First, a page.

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Title: Exploring the influence of sleep disturbance on pain and pain-related attention in clinical and experimental settings
Author: Harrison, Lee
ISNI:       0000 0004 5919 9552
Awarding Body: University of Bristol
Current Institution: University of Bristol
Date of Award: 2015
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Aims: Sleep and pain share a complex relationship; pain can disrupt sleep and conversely, poor sleep can exaggerate pain intensity. At present, the exact temporal assoications sunderlying this relationship are not fully understood. Correlational data and preliminary experimental studies suggest that poor sleep augments pain in both acute and chronic situations. This thesis examines the reciprocal interaction between these two processes and the subsequent impact that sleep has on pain, at both the behavioural and brain level. Furthermore, the influence of co-morbid factors such as attention and affective state is considered. Developing an understanding of how sleep affects pain and pain-related attention may have implications for the treatment of chronic pain and its concomitants. Methods: A number of different settings were used to explore the relationship shared by sleep and pain. Epidemiological data was used to explore the association between sleep problems and the later development of musculoskeletal pain. The association between comorbid sleep and pain problems and pain-related complaints were also assessed in adolescent and adult clinical samples. An acute experimental model was used to explore the influence of non-stage-specific sleep disruption on pain and pain-related attention. The aim of this experiment was to explore the effects of sleep disruption on pain sensitivities, central pain modulation and distraction analgesia. Functional magnetic resonance imaging was used to investigate the effect of sleep disturbance on the cerebral signature of pain. Results: Data from a large birth cohort indicated that sleep problems were associated with the later development of musculoskeletal pain. Co-morbid sleep and pain problems were associated with a higher incidence of pain-related and psychological complaints in both adolescent and adult samples. The experimental disturbance of sleep resulted in mechanical and thermal hyperalgesia. Sleep disruption was also found to compromise both conditioned pain modulation and the analgesic benefits of distraction analgesia. Imaging data suggested that sleep disturbance was associated with regional changes in activation in areas previously implicated in pain processing. Neural decoupling was also observed across regions of the cortex and brainstem, the implications of which could be critical for understanding pain processing following sleep disturbance. Conclusions: Results from this thesis suggest that sleep disturbance is an important risk factor in both the development and maintenance of clu'onic pain. The effects of sleep disturbance on both central pain modulation and distraction analgesia are possible pathways by which sleep disturbance facilitates vulnerability for the development of clu'onic pain. Sleep disturbance is reported by two thirds of chronic pain patients and should therefore be identified as a key modifiable target in the treatment of chronic pain. Further explorations of the relationship shared by sleep and pain, in addition to their related concomitants (e.g., mood disturbance) can help establish novel targets which can be manipUlated for diagnostic and therapeutic gain.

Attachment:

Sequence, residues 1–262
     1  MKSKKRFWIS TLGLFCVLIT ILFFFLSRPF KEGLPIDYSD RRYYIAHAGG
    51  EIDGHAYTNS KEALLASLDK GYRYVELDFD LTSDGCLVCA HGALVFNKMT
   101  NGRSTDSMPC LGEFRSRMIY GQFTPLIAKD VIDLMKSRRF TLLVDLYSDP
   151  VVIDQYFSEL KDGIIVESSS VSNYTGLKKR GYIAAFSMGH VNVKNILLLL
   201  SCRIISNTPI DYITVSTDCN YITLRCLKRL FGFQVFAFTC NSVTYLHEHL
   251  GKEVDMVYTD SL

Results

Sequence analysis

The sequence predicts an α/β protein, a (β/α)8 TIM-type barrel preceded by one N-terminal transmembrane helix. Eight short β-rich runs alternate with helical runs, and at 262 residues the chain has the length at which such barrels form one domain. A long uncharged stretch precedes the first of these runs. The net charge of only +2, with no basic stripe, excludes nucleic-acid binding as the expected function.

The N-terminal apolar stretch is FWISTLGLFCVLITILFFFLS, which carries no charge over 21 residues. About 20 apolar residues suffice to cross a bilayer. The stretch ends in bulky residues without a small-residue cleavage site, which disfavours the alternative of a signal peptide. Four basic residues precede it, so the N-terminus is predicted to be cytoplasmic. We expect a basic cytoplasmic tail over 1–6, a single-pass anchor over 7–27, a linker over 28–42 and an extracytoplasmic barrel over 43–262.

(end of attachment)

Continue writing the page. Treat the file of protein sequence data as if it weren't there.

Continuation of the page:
Supervisor: Not available Sponsor: Not available
Qualification Name: Thesis (Ph.D.) Qualification Level: Doctoral
EThOS ID:  DOI: Not available